As the high hopes of AOL Time Warner crumbled into missed forecasts and nonexistent synergies, Parsons proved most successful of the former senior executives of AOL and Time Warner at eluding angry shareholders' blame over the deflated results. Former AOL Chairman Steve Case, President Bob Pittman and CFO Mike Kelly came to symbolize slick salesman who had hyped their company's prospects and pulled a fast one on Time Warner shareholders. Former Time Warner Chairman Jerry Levin was denigrated as an aloof visionary who got snookered.

Parsons, the Levin lieutenant who succeeded his boss after a stint as co-chief operating officer with Pittman, has always maintained an image of low-key, no-nonsense wisdom that contrasted with the other execs. In accordance with that persona of a quiet, upright boss who calms a cowboy mentality, Parsons oversaw the 2002 erasure of $190 million in previously recorded revenue, mostly at AOL, from the third quarter of 2000 to the second quarter of 2002.

Ads That Subtract

At issue in the Bertelsmann case are certain advertising deals struck in 2001 while AOL Time Warner was negotiating with Bertelsmann over the dissolution of their partnership in AOL Europe.

Under an earlier version of the dissolution pact, Bertelsmann had the right to put its AOL Europe shares to AOL Time Warner in two stages, for a total of $6.75 billion. AOL Time Warner had the right to choose whether to pay for those shares in cash or in AOL Time Warner stock.

In separate agreements reached in March and December of 2001, the companies changed the earlier terms to specify a cash payment, rather than stock. Meanwhile, "contemporaneously" with the agreements to pay in cash, Time Warner said in SEC filings, the companies reached two separate agreements under which Bertelsmann agreed to purchase additional advertising from AOL Time Warner, valued at $125 million and $275 million.

Time Warner and its auditors say the $396.4 million worth of advertising that ran in 2001 and 2002, virtually all of it at the AOL unit, should be recognized as revenue. The SEC staff said in March 2003 that it believed "at least some portion of the revenue" should instead have been treated as a reduction in the AOL Europe purchase price paid to Bertelsmann.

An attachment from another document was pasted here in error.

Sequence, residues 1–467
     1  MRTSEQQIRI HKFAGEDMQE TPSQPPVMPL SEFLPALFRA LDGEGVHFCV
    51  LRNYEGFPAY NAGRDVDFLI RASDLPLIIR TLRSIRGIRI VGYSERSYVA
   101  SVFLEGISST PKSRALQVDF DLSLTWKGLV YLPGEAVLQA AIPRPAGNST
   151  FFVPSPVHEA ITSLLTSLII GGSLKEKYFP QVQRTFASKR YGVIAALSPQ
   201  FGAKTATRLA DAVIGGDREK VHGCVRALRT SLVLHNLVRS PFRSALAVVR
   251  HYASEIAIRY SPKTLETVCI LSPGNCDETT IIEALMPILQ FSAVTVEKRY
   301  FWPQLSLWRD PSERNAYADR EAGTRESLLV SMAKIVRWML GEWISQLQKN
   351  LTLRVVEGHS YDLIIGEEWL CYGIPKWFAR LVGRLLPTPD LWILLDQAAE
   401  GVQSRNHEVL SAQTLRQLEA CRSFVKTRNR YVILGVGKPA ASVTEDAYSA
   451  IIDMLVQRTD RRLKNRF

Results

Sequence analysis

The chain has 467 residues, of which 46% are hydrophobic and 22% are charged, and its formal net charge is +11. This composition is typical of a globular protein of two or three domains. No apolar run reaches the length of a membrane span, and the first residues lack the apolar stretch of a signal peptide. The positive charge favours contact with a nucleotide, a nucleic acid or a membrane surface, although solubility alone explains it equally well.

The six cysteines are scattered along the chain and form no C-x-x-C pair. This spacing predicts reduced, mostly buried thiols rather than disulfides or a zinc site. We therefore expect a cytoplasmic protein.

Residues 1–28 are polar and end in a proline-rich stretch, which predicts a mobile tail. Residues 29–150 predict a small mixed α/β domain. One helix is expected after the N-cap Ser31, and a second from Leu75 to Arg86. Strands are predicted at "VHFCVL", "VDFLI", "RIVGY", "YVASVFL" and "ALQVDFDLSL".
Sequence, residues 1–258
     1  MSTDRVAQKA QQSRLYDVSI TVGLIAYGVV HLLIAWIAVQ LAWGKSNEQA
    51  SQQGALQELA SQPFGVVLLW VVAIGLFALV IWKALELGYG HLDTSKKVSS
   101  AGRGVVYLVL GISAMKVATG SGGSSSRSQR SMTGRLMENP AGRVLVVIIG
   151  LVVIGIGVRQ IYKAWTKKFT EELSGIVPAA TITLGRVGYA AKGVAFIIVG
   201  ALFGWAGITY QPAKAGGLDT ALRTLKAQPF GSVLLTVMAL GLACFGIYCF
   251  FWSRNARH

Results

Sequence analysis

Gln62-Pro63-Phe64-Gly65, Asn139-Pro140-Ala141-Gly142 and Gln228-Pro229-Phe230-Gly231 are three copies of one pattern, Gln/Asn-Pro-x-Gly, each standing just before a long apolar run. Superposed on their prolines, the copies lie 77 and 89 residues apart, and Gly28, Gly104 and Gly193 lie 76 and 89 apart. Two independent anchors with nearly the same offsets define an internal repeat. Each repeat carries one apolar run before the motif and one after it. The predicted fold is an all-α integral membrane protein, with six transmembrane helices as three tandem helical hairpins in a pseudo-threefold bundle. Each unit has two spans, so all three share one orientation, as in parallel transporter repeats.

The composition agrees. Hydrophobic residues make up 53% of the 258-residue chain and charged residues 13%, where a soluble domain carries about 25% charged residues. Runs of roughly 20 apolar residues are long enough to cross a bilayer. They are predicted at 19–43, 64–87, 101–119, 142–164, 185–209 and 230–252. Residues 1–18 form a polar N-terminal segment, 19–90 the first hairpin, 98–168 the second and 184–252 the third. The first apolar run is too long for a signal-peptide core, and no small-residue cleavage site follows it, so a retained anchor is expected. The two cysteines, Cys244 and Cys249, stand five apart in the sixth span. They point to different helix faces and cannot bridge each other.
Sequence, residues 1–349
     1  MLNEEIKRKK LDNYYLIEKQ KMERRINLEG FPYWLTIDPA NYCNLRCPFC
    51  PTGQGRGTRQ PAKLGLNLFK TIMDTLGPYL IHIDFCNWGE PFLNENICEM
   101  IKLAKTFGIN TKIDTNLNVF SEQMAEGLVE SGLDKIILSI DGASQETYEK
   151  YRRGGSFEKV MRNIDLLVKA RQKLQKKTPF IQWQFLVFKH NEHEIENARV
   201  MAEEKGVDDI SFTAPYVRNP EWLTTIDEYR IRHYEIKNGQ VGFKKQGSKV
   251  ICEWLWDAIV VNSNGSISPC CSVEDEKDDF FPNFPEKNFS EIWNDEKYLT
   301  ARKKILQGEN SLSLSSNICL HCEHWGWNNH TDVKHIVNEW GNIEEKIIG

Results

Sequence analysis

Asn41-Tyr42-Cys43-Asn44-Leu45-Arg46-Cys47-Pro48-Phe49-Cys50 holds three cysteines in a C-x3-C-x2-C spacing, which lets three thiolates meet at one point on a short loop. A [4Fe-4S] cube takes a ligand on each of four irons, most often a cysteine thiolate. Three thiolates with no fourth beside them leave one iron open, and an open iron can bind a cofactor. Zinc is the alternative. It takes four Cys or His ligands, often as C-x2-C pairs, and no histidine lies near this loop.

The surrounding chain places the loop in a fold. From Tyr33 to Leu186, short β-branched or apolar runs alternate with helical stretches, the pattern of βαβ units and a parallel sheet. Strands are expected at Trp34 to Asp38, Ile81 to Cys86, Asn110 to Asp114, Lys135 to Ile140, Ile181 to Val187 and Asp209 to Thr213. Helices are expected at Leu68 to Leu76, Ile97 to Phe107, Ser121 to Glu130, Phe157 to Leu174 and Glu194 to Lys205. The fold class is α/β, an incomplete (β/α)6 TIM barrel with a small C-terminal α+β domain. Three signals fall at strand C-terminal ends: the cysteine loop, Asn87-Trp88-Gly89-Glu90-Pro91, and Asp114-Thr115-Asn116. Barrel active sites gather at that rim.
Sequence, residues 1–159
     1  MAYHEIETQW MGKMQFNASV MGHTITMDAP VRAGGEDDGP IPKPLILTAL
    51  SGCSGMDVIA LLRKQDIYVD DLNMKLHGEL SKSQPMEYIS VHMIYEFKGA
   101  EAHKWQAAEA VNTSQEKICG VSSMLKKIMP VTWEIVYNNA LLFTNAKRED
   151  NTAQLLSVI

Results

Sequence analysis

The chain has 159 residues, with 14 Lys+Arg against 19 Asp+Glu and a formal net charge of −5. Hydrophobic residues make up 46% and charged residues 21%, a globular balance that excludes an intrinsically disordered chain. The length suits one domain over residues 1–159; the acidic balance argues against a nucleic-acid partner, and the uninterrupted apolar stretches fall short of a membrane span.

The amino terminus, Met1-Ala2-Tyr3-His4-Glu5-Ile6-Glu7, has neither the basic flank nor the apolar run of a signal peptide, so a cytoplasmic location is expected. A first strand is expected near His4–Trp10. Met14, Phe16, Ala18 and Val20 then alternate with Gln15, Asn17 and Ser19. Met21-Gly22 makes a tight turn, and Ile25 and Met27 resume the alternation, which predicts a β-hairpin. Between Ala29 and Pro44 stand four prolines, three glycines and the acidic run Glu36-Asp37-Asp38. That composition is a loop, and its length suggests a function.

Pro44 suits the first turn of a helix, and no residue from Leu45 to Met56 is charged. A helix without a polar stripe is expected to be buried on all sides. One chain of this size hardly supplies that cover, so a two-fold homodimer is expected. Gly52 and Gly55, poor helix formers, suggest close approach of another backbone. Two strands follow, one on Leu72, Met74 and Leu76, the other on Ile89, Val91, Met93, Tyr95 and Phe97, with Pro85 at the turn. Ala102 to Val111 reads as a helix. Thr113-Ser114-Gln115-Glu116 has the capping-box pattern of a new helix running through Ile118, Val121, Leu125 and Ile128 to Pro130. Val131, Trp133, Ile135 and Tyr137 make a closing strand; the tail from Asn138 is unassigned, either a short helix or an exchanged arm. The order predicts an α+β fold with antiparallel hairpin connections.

Into Thin Air
Stock fighting back


A restatement would make the unpleasant decline in AOL's online advertising sales look even worse. Advertising and commerce revenue for AOL fell from $2.6 billion in 2001 to $1.6 billion in 2002. But subtracting out the disputed Bertelsmann deals as well as a total of $400 million in advertising charged to other units of AOL Time Warner, a steep decline turns into an absolute rout -- from $2.24 billion in 2001 to $1.15 billion in 2002.

Bright Side of Life

That said, the news didn't exactly stir up Wall Street's darkest fears. Blaylock & Partners analyst Todd Mitchell noted that if the SEC charges stick, the cost of settling shareholder lawsuits related to the AOL Time Warner merger would rise. But the negatives of the SEC's charges are likely priced into the stock, Mitchell wrote, setting a bottom for value investors. Mitchell has a buy rating and a price target of $23; his firm hasn't done banking for the company.

And in a note published Tuesday morning, JP Morgan analyst Spencer Wang saw a silver lining.

"The potential SEC fine and shareholder lawsuits related to this investigation are managable for Time Warner from a balance sheet perspective," wrote Wang, who has an overweight rating on Time Warner and whose firm has done recent investment banking for the company. "As a result, we would likely view a resolution of the SEC inquiry as a positive catalyst for Time Warner as it would remove an overhang."